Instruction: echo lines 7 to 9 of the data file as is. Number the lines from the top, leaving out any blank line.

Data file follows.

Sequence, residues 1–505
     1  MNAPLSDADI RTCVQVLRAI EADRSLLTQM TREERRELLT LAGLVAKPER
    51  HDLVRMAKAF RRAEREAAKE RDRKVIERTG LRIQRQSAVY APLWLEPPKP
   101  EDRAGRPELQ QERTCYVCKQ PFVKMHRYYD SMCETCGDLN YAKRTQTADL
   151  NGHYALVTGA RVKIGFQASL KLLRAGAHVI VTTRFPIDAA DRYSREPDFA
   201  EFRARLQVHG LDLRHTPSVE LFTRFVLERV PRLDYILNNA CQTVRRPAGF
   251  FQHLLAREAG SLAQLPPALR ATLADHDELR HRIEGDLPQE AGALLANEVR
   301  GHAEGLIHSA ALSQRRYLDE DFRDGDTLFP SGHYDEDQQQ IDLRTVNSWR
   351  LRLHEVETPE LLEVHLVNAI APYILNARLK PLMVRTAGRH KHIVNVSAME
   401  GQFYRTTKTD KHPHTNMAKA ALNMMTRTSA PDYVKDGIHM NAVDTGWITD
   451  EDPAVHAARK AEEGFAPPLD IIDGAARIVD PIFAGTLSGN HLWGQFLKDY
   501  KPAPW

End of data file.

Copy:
   251  FQHLLAREAG SLAQLPPALR ATLADHDELR HRIEGDLPQE AGALLANEVR
   301  GHAEGLIHSA ALSQRRYLDE DFRDGDTLFP SGHYDEDQQQ IDLRTVNSWR
   351  LRLHEVETPE LLEVHLVNAI APYILNARLK PLMVRTAGRH KHIVNVSAME